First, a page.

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Posts Tagged ‘Francis Ford Coppola’

“Charlie don’t surf.”
Lieutenant Colonel Bill Kilgore (Robert Duvall) in Apocalypse Now
Screenplay by Francis Ford Coppola and John Milius

Hightower Beach
©2013 Scott W. Smith

This morning I took the above photo and decided to make it a challenge to use it as a springboard for a new post. How could I take a sunrise surfer shot and tie it into something useful about screenwriting? Well, to make a long story short I found an interview with Francis Ford Coppola and John Milius talking about Apocalypse Now that they collaborated on together.  I found the You Tube video on a website that is somewhat new to me called Cinephilia and Beyond . The site is a tremendous resource and I believe originates from a filmmaker in Zagreb, Croatia. On Twitter @LaFamiliaFilm. (I see a “Screenwriting from Croatia” post forming.)

So all the way from Croatia via a turn in Satellite Beach, Florida here’s an interview between the filmmaker who made the quintessential Mafia film (The Godfather) and the one who made the quintessential surfer film (Big Wednesday) talking about how they made Apocalypse Now, how George Lucas was the original director on the project, and how the now classic film had a rocky start out of the gate.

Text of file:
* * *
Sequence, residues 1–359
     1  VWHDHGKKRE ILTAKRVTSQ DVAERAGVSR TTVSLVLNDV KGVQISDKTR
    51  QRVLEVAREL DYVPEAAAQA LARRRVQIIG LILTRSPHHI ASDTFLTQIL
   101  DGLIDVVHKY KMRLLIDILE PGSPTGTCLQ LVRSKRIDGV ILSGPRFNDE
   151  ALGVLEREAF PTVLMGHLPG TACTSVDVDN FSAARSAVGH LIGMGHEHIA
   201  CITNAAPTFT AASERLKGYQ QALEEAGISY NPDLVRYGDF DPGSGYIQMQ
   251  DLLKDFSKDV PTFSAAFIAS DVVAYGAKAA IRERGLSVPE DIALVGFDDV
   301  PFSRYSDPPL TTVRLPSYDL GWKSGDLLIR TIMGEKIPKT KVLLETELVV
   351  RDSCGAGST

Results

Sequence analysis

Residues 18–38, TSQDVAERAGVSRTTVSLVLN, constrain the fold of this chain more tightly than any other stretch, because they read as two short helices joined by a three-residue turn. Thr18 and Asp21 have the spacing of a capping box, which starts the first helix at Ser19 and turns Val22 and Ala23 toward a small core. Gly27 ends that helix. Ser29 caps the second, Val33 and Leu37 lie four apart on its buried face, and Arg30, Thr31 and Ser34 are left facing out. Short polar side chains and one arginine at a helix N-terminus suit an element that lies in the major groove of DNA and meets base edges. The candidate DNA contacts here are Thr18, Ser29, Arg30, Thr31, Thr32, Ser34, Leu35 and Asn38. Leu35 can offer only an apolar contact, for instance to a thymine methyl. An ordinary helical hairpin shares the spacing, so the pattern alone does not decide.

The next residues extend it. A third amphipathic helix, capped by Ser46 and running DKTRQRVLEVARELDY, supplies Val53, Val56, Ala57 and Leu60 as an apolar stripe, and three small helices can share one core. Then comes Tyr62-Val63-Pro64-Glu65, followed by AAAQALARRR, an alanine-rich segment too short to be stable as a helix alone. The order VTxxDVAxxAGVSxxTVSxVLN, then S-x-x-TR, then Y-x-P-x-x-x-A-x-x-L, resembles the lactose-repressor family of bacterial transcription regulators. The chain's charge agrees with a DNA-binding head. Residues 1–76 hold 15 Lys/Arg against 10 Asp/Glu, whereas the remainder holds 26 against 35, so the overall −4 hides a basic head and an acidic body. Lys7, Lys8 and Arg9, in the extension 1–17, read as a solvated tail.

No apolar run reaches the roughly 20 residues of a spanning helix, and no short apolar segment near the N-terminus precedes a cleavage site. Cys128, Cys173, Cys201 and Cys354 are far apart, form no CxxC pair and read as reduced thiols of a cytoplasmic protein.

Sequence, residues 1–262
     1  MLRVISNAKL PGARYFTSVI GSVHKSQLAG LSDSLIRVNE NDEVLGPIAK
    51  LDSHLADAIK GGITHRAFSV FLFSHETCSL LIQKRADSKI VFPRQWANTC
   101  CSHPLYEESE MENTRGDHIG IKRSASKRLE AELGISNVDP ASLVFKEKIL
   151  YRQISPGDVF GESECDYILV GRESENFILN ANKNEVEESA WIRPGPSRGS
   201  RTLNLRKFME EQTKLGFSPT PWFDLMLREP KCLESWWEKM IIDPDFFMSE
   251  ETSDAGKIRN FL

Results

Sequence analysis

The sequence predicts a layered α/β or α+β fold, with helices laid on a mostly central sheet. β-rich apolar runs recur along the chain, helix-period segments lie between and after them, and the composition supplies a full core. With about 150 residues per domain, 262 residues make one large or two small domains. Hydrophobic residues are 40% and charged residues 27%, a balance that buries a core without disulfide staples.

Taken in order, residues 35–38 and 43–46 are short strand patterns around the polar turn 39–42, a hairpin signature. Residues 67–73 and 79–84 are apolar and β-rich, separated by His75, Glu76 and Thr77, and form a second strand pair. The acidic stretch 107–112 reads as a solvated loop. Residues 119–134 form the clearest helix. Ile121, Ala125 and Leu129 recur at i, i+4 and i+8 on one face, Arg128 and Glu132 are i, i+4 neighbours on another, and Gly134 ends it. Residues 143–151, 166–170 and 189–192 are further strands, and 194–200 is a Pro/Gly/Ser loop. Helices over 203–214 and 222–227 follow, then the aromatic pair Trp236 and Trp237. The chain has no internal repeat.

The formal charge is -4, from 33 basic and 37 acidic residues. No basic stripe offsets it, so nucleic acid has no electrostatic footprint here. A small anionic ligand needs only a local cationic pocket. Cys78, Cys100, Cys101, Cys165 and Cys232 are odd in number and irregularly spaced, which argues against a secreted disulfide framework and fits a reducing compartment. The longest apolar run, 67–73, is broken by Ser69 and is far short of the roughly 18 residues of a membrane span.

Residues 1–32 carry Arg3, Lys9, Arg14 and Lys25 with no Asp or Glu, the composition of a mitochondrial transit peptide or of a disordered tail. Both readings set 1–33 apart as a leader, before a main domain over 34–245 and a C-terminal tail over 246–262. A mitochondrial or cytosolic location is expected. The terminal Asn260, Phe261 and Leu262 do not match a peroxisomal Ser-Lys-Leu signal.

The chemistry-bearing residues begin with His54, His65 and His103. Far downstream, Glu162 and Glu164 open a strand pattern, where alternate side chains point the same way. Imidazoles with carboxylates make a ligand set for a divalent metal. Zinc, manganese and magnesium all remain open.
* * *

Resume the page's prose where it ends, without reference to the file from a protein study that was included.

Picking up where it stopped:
“When the movie first came out it was very dicey which way it was going to go. And I really had my life realy based on it— I’d financed it, and it was starting to get a negative buzz. It had gotten horrible reviews. I remember the reviewer Frank Rich wrote in his review, ‘This is the greatest disaster in all of fifty years of Hollywood’..my feelings were so hurt by this pronouncement.”
Francis Ford Coppola

If you’ve never seen Apocalypse Now, definitely put it on your list of films to watch/study. (Will it help add emphasis if I you knew that last year Quentin Tarantino put it on his list of Top 12 Films of All Time?)

“[Robert Duvall] came to me and he wanted to know what all those surfing terms were. Exactly what they were. He wanted to go down to Malibu and look at surfers—see how they walked around, what they did. He wanted to know when he talked about a cutback that he knew what a cutback was.”
John Milius